My grandmother’s old-fashioned peanut brittle is the best I have ever eaten. I’ve tried the microwave kind and to me, it just doesn’t have the same buttery classic taste. A deliciously sweet, crunchy candy loaded with salty peanuts that’s sure to please.
Oddly enough this recipe does not have any butter in it at all. But it tastes traditionally buttery sweet.
Old Fashioned Peanut Brittle
Prepare a large sheet pan with parchment paper. Or as my grandmother would do, generously butter a clean section of countertop. You can also butter the sheet pan.
In a large heavy-bottomed saucepan mix the sugar, water, corn syrup, and salt. Bring the mixture to a boil over medium-high heat, boil until it reaches 310º-320º. (I bring mine to 320º.)
Remove from the heat, stir in the peanuts and baking soda.
Quickly spread the peanut brittle to the thinness you prefer. My grandmother called this stretching. Cool completely.
Break the peanut brittle into pieces. You can use a butter knife or I use parchment to hold the candy and break with my hands.
Share as gifts in cute tins or boxes.
Enjoy some yourself before giving it all away.
Old Fashioned Peanut Brittle Recipe
- 2 cups peanuts*
- 2 cups granulated sugar
- 3/4 cup corn syrup
- 1/4 cup water
- 1/4 teaspoon salt
- 1/2 teaspoon baking soda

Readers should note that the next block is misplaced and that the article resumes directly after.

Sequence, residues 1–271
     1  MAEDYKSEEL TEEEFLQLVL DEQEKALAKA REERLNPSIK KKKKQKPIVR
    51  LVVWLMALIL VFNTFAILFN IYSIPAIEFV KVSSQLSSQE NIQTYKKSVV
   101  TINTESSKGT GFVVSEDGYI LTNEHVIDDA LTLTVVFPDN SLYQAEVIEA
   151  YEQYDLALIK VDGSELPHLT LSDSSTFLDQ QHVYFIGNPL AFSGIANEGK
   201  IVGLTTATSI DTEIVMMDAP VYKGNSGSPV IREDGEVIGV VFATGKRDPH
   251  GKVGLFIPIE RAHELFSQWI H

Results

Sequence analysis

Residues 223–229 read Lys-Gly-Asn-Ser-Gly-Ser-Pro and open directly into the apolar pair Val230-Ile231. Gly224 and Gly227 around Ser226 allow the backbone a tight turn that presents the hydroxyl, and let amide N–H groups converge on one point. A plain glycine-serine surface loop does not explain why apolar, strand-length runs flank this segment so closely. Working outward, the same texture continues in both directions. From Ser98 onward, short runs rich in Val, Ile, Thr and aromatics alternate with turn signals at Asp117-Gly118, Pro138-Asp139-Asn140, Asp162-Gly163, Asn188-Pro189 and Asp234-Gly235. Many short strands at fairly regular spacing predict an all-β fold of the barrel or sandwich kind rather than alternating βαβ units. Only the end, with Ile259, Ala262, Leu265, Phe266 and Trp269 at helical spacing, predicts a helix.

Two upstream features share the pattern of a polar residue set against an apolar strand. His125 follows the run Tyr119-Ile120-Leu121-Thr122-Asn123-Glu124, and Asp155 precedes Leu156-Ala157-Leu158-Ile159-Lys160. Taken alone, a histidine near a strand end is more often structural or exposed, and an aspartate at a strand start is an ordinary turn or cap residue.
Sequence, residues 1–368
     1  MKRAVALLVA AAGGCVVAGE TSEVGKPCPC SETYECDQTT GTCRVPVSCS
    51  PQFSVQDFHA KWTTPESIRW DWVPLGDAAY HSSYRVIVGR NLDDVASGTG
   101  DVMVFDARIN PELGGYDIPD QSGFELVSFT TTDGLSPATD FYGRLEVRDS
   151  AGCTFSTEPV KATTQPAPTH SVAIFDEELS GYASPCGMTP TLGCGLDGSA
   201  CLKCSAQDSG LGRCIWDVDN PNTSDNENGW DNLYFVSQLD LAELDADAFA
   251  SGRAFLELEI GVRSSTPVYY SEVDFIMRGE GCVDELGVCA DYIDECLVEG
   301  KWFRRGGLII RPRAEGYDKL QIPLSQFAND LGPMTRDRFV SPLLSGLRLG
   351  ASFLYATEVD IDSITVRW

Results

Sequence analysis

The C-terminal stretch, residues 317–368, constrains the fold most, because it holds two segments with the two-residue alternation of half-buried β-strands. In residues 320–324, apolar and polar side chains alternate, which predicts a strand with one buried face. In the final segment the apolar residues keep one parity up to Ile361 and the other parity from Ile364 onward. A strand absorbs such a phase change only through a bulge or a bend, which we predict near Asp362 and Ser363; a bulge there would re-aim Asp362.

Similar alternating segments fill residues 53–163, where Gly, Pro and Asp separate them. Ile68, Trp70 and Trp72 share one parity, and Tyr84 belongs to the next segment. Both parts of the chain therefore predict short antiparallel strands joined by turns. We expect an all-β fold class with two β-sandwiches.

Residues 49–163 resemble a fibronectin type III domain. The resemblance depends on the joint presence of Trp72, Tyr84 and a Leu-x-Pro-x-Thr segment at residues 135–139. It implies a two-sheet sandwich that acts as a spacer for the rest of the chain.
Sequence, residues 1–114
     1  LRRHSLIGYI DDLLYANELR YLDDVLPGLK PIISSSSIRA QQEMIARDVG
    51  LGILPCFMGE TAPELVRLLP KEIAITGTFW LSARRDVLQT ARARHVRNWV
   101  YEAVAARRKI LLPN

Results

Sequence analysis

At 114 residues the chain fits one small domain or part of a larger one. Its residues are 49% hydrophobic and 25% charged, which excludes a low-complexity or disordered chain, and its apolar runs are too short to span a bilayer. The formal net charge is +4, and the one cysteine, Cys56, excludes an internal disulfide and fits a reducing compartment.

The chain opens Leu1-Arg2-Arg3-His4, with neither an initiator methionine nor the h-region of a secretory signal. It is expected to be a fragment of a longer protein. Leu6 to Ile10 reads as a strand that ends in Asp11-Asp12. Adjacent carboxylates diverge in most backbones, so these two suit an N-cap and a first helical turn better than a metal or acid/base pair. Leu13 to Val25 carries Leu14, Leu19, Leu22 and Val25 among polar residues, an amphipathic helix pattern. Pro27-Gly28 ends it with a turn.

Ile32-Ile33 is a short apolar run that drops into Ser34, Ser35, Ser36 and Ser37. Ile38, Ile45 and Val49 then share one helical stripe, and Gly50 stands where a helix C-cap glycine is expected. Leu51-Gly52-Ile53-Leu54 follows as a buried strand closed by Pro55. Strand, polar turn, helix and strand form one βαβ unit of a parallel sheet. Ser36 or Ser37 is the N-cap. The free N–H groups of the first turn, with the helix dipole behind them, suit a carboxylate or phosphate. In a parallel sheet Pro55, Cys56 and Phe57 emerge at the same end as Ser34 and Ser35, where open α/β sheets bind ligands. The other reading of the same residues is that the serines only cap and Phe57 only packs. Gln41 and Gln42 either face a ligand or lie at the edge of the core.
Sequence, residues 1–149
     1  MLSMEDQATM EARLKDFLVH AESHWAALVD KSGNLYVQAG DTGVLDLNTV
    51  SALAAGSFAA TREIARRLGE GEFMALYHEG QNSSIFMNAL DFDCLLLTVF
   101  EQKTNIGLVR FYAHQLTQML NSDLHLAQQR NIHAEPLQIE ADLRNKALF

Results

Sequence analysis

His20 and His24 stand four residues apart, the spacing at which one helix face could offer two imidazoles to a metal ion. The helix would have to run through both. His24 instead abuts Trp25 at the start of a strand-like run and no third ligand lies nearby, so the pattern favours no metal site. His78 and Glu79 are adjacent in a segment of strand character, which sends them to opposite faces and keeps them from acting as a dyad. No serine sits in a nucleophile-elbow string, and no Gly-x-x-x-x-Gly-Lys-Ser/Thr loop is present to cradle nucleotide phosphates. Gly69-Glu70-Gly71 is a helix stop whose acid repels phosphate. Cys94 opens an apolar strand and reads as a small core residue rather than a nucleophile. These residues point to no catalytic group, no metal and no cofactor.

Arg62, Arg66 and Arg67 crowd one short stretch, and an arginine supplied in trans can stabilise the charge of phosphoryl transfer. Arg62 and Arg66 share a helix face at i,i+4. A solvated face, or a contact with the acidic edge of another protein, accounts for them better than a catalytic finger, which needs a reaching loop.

- In a large saucepan mix the sugar, water, corn syrup, and salt.
- Bring mixture to boil over medium-high heat.
- Boil until it reaches 310 degrees - 320 degrees.
- Remove from the heat, stir in the peanuts and baking soda.
- Pour onto the parchment paper and quickly spread to desired thinness.
- Cool completely, break into pieces.
My grandmother always used raw shelled peanuts and would stir them in when the mixture came to a boil. I now use cocktail peanuts and stir them in at the end. They give it a little saltiness.
Amount per serving
% Daily Value*
Total Fat 12g 15%
Saturated Fat 1.7g 8%
Cholesterol 0mg 0%
Sodium 107mg 5%
Total Carbohydrate 52g 19%
Dietary Fiber 2.1g 7%
Total Sugars 39.4g
Vitamin D 0mcg 0%
Calcium 23mg 2%
Iron 1mg 6%
Potassium 172mg 4%
*The % Daily Value (DV) tells you how much a nutrient in a food serving contributes to a daily diet. 2,000 calorie a day is used for general nutrition advice.
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